Written by Leo Barry – AIYA National Blog Editor
Indonesian translation by Wes Trianugeraha – AIYA National Translation Team
Read the Indonesian version here.
The Republic of Indonesia only gained independence 79 years ago, successfully ending some 300 years of Dutch rule. Today, Indonesia’s National Revolution (1945-1949) remains a cornerstone of Indonesian nationalist identity, its symbols, rhetoric, and aesthetics, all still highly relevant in modern Indonesia. However Indonesia’s struggle for independence was not simply a national affair. It galvanised support from all around the world and set the stage for Australia’s first official relations with its neighbour to the north. The “beginning” to the Australia-Indonesia story contains a piece of under-appreciated history that sheds new light on the foundations of an almost century old relationship.
Australia is now remembered as being one of the first Western nations to support Indonesia’s bid for independence. In 1947, after the Dutch launched the ‘First Police Action’ against the young Indonesian Republic violating previous diplomatic agreements, Australia referred the conflict to the UN, boldly naming the Dutch as the instigators of the violence. Australia would subsequently be nominated by the Indonesian Republicans to broker a ceasefire with the Dutch, and when Indonesia eventually became independent, Australia would be one of the first to recognise the new nation.
What is perhaps less well known is the history of Australian trade unions and their successful struggle towards supporting the Indonesian independence movement. This pushed public opinion and policy against the actions of the Dutch in their former colony. From the beginning of the war to its end, an alliance of Australian maritime trade unions would block Dutch shipments of arms and munitions crucial to their war effort from Australian ports.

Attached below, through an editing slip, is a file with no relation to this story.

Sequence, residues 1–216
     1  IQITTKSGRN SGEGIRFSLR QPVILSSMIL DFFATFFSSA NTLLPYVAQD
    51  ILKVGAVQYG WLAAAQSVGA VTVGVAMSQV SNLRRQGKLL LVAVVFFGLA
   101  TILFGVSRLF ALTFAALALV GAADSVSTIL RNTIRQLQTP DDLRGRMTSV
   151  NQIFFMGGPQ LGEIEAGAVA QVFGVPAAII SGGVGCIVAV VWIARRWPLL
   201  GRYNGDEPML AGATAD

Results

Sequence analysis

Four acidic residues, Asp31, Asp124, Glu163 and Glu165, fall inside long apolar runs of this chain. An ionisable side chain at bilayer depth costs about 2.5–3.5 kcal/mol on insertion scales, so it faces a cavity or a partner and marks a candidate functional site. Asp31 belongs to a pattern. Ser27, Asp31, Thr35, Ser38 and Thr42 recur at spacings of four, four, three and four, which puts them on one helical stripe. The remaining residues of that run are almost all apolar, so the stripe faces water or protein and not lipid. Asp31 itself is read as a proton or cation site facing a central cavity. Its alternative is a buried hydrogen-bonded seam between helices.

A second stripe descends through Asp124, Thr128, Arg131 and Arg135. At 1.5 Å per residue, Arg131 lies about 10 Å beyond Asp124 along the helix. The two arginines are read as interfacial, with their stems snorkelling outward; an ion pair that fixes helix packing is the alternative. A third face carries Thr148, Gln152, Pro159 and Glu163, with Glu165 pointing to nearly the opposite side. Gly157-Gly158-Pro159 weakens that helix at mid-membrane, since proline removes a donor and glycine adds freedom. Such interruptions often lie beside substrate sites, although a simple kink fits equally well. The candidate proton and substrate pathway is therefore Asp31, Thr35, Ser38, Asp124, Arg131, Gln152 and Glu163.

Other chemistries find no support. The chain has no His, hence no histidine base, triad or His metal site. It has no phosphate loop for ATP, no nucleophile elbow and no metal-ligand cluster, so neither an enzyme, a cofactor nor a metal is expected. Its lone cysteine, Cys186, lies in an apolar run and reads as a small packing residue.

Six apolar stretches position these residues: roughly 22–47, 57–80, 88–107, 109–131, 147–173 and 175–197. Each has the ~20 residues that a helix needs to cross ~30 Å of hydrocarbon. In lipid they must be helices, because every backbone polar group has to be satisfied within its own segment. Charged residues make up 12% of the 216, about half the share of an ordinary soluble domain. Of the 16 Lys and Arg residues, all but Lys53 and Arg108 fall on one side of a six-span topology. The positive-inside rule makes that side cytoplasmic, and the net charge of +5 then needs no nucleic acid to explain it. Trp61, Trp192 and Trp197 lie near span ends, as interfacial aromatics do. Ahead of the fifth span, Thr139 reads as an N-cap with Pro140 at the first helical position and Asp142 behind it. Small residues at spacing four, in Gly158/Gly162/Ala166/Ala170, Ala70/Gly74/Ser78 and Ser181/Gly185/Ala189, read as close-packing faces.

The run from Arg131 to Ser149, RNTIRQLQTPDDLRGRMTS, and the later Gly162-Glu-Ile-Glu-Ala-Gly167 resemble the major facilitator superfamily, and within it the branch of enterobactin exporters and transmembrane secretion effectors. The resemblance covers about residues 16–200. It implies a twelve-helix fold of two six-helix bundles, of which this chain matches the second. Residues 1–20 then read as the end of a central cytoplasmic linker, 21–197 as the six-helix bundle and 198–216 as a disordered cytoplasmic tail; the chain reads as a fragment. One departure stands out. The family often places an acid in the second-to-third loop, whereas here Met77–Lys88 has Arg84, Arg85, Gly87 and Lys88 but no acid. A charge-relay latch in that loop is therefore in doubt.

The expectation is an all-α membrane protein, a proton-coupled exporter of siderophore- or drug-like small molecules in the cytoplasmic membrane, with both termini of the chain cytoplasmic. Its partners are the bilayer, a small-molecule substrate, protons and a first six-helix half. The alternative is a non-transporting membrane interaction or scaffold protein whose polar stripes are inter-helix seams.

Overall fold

Australia’s ports were staffed by many international workers, among them were Indonesian seamen, many of whom developed a strong bond with Australian workers over mutual working class interests. In Sydney, a dispute over pay had seen the Indonesian seaman backed by the Australian Seamen’s Union, and in 1942, Indonesian political prisoners brought to Sydney harbour by Dutch ships fleeing the Japanese were released after protests from workers.
The crux of this fascinating relationship took place between 1945-1949, wherein almost 600 Dutch ships were blocked from using Australian ports by an alliance of Australian maritime trade unions and foreign dockworkers. From September 1945, workers refused to work on Dutch vessels carrying weapons, munitions, or any other supplies deemed important to the Dutch war effort. While the strikes originally started in Sydney, they soon spread to Melbourne and Brisbane, dealing a significant blow to the Netherland’s war effort.
This little-known facet of Australia’s relationship with Indonesia is remarkably captured in the 1945 documentary film ‘Indonesia Calling,’ directed by the Dutch filmmaker Joris Ivens produced in conjunction with the Waterside Workers Federation. The documentary plays as a slick piece of pro-union propaganda, with Australian dock workers pictured in black and white listening to their Indonesian colleagues cry ‘Indonesia Merdeka!’ (Free Indonesia) against the backdrop of Sydney Harbour.
The united front presented by Australian maritime trade unions and the effectiveness of their campaign against Dutch shipping played an important role in supporting a newly free Indonesia. According to some observers, the campaign would also galvanise public support for Indonesians and push Ben Chiffley’s Labour government into opposing the Netherlands on an international stage. If this unconventional beginning to the Australia-Indonesia relationship has anything to teach us; it is that meaningful change and cooperation between the two countries is not exclusively affected by governments. Relationships between people, communities, and those sharing an equal mission for justice should always underpin Australia’s interactions with its neighbours.